The San Francisco Municipal Transportation Agency (SFMTA) selected its “preferred alternative” plan for the Polk Street Improvement Project. For months, the agency has been meeting with local advocates of increased and improved biking lanes as well as local residents and businesses concerned about the proposed changes, in particular about the effects of reduced street parking.
SFMTA chose “Option B for Upper/Middle and Lower Polk,” which would include in upper/middle Polk a southbound green bicycle lane, northbound green shared-lane markings, and a part-time northbound bike lane during the morning commuting hour. For lower Polk, nearly a mile of green protected bike lane would be added in one direction, with a buffered bike lane in the opposite direction. Lower Polk would also include turn pockets and changes to the signal timing aimed at reducing conflicts between different modes of transportation.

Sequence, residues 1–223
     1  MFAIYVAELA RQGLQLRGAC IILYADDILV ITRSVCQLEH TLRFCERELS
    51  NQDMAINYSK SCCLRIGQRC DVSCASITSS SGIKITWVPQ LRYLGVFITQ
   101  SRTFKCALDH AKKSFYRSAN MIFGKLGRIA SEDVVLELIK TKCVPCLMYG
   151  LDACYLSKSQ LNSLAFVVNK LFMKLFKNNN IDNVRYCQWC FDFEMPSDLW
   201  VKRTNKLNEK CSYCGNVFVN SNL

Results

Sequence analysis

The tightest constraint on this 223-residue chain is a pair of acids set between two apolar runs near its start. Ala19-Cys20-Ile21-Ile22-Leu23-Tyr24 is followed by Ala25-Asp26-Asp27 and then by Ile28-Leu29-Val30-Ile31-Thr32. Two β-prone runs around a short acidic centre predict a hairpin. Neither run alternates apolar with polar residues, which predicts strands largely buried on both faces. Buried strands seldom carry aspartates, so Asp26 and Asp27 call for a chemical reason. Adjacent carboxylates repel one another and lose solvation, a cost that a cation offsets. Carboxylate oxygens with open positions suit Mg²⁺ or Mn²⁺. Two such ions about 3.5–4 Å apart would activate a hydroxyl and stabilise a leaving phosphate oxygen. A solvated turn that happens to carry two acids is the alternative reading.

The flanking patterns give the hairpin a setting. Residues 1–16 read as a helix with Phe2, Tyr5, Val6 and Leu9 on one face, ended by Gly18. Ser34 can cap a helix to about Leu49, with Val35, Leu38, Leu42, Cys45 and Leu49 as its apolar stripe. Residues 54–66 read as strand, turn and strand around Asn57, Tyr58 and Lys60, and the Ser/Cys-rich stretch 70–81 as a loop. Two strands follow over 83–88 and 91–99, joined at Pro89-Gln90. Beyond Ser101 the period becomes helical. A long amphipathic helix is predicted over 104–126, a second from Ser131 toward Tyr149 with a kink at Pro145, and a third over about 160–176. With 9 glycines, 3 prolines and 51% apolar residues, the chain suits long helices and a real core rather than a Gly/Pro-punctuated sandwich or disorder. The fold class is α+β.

Both upper/middle and lower Polk would have high-visibility crosswalks, corner “bulbout” sidewalk extensions, red zones near intersections, pedestrian countdown signals at corners where they are now missing, and adjustments to traffic signal timing to prioritize pedestrians.
SFMTA Director of Transportation Ed Reiskin said the plan “improves neighborhood livability for all using the corridor, and creates a more organized street by reducing chaos and confusion.”
A final public “open house” was scheduled for July 25; the agency said it would also be doing further outreach to local businesses to “ensure that local businesses are minimally impacted.” The project will then head into the full environmental review phase before an expected vote to approve it by the SFMTA’s board of directors in spring or summer of 2014.